Seeds of pea (Pisum sativum L. Cv Zhongwan no. 5) were germinated under mist culture and RBCs were harvested as described previously (Yu et al., 2006, 2009a). Pea seeds were immersed in 5.25% sodium hypochlorite for 30 min, and thereafter rinsed six times with distilled water. Sterilized seeds were soaked in 0.5 mM CaCl2 solution (containing 0 or 50 μM H3BO3) for 10 h, and then evenly spread on the mesh screen of the mist watered germination facility. They were germinated at 24°C in 20 L plastic tanks with mist for 80 s every 8 min, which was produced from 2 mM CaCl2 solution containing 0 or 50 μM H3BO3. After 12 h, the solution was replaced by 0 or 1 mM AlCl3 solution (containing 2 mM CaCl2, 0 or 50 μM H3BO3, pH 4.5) for 24 h, respectively. RBCs were harvested by snipping root tips into a plastic beaker containing 0.5 mM CaCl2 solution (0 or 50 μM H3BO3) and stirring gently for 5 min. RBCs were pelleted at 4500 × g for 10 min after removing the root tips. Pellets were re-suspended in ultrapure water and centrifuged again. The rinsing procedure was repeated twice to yield purified RBCs subjected with/without B and Al pretreatment. The samples were used to analyze the Al content in cell wall component and the properties of cell wall pectins, and to assess the adsorption/desorption of Al ion in cell wall and pectins, or further Al exposure in solution to estimate Al uptake and accumulation in the cells and cell wall without Al pretreatment.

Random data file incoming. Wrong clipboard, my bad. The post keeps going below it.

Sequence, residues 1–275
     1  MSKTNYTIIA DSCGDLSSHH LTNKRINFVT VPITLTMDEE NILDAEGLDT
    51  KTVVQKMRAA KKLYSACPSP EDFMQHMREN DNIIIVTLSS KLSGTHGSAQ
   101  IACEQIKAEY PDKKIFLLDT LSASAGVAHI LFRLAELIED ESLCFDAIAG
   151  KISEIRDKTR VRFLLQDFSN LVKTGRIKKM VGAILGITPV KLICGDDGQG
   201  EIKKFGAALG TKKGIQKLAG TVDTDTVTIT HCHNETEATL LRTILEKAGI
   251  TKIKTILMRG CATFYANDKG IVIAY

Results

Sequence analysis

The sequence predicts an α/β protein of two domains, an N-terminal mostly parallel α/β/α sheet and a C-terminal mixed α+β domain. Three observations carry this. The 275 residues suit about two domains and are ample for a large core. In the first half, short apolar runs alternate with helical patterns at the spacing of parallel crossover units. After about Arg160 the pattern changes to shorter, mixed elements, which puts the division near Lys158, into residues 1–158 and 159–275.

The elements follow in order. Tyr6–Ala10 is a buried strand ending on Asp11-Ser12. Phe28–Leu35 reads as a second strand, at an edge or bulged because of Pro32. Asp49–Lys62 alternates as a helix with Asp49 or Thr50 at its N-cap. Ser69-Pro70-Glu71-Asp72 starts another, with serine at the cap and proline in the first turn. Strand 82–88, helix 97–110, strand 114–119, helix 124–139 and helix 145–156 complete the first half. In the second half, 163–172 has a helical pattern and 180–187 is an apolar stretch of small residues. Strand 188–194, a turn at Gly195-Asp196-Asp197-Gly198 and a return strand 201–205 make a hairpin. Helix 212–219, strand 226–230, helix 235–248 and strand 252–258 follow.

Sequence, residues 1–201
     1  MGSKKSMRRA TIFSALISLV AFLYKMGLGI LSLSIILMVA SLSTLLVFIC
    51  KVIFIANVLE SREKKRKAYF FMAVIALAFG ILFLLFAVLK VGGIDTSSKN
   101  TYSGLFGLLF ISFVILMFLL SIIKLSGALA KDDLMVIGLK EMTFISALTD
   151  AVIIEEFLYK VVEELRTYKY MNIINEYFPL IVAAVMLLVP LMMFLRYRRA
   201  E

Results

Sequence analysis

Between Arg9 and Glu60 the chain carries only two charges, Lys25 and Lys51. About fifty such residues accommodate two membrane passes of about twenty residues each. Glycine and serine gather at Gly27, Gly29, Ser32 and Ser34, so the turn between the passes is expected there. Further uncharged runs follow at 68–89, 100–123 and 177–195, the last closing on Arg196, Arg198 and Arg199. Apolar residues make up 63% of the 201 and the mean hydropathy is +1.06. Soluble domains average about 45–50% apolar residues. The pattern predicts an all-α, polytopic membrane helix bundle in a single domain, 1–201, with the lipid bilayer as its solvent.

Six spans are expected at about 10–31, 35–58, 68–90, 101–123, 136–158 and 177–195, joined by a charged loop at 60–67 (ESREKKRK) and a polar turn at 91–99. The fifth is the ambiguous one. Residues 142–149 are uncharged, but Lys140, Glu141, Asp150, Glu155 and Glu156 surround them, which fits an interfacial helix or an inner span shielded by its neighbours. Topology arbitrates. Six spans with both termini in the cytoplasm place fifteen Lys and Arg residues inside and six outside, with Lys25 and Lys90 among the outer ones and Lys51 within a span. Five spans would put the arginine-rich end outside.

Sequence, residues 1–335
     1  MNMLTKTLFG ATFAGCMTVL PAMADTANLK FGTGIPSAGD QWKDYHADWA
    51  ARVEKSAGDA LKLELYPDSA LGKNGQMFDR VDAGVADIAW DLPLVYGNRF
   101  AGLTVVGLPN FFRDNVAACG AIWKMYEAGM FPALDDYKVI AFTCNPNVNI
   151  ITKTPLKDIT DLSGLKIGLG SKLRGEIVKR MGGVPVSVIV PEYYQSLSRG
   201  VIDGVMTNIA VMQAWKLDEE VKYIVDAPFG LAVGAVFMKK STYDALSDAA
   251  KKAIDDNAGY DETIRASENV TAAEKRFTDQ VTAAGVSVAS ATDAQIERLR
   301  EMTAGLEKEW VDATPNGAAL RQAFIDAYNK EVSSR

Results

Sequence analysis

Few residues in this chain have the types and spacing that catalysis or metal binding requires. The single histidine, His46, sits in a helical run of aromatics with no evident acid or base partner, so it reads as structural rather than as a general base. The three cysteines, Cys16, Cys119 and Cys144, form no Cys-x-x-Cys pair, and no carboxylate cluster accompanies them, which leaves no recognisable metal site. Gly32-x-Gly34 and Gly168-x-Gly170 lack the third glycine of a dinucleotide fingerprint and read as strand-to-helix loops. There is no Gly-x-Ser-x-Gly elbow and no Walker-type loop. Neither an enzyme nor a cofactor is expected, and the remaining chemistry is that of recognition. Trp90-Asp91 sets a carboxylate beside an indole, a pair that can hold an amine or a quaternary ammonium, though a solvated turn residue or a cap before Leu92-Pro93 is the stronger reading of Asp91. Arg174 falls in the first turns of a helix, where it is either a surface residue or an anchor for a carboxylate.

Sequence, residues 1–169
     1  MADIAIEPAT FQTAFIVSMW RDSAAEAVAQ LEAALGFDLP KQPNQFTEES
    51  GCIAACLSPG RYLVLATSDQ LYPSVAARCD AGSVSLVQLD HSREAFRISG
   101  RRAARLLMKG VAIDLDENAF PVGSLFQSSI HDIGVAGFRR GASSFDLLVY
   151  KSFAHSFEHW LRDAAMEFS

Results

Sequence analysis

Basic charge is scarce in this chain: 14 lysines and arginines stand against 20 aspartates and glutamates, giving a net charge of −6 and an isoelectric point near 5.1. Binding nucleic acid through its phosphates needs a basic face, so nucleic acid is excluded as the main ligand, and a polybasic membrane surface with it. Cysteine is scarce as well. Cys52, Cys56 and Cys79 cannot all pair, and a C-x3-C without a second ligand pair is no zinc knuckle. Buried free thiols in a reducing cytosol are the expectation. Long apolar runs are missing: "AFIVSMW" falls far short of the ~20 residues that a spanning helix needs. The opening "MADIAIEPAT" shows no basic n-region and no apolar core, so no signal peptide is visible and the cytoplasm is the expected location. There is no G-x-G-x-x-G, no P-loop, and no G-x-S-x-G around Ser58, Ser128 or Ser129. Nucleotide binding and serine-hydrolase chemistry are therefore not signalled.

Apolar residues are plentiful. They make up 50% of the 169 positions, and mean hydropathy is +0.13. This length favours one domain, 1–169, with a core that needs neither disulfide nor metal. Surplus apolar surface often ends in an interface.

Effect of B Supply on RBCs Viability and Al Adsorption in Cells and Cell Wall
Purified RBCs from mist culture (without Al pretreatment but with B pretreatment) were incubated in 0 or 100 μM Al solution (containing 0.5 mM CaCl2, pH 4.5) with 0 or 50 μM H3BO3 supply for 1 h. The cell number and cell viability was determined by trypan blue dye exclusion test (Yu et al., 2009a). Content of Al in the cells and cell walls were measured by colorimetric method using pyrocatechol violet and MES buffer (Zheng et al., 2004).
Preparation of Cell Wall and Its Components